Writing Productivity by Natalie

Even the best writers have those days where they feel like they “don’t have time” for writing. In some cases that may be true, but the majority of people (including myself) find this as an easy excuse when we either don’t feel like writing, or would rather do other things.

As a writer in general, it’s very important that you attempt to write every day. It improves your skills and hones your writing abilities by doing it day in and day out. There really is no excuses as I used to write at 2am every night during NaNoWriMo after work. It may not be easy or fun, but if you’re serious about it you will find a way. Here are a few tips to boost your writing productivity!



If you find yourself getting distracted and losing interest in your writing rather quickly, then you would be in the same camp as me. I have found that when I write (or do anything that requires intense focus and attention) I can stay on task better when no one else in my house is up and about. Those times are either very late at night, or very early in the morning. I am definitely not a morning person, so nighttime is the best for me. Perhaps you have a time in the middle of the day when no one is home so you can find peace and quiet.


Set Goals

Perhaps you’re sitting at your computer/notebook and have a totally vague idea about how long you’ll be writing, and what you want to accomplish. To avoid this type of situation, I would suggest finding a simple goal to work towards BEFORE you sit down to write. For example: “I’m going to write for 45 minutes straight.” “I’m going to finish this chapter today.” “My goal is to write 1,000 words in this writing session.” Simple goals like this can give your brain an end point and boost your drive to finish the project.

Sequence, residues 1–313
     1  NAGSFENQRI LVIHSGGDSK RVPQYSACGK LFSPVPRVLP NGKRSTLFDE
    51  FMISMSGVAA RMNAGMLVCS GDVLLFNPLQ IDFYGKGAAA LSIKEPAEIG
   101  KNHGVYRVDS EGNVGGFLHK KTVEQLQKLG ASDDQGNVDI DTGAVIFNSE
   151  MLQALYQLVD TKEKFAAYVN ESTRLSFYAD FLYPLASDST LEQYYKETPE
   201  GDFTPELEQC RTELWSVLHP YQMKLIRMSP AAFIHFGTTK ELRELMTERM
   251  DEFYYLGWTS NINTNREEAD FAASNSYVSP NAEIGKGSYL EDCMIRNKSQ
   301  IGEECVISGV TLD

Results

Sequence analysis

Sometimes the best way to get our brains to work towards a simple goal is to bribe it. Maybe not with cash, but something that you wouldn’t otherwise get or do in order to motivate yourself. This could be anything you enjoy: candy, video games, etc. Anything that you can think of that would give you some short-term, well-deserved joy would suit this category perfectly.


These few tips are virtually foolproof, and I can speak from experience. I’m sure many of you have some of your own ways that you motivate yourself, and I’d love to hear them! One last note: Inspiration from other writers may also help when you’re in a slump, so if you find it hard to even begin writing (writer’s block, but that’s a whole separate topic), I suggest reading whatever you can.


Posted on March 9, 2016, in Editorial Board Essay. Bookmark the permalink. 3 Comments.

  1. I love this post. Thank you for sharing. 🙂

  2. These are great suggestions!

  3. Aislinn Fallon


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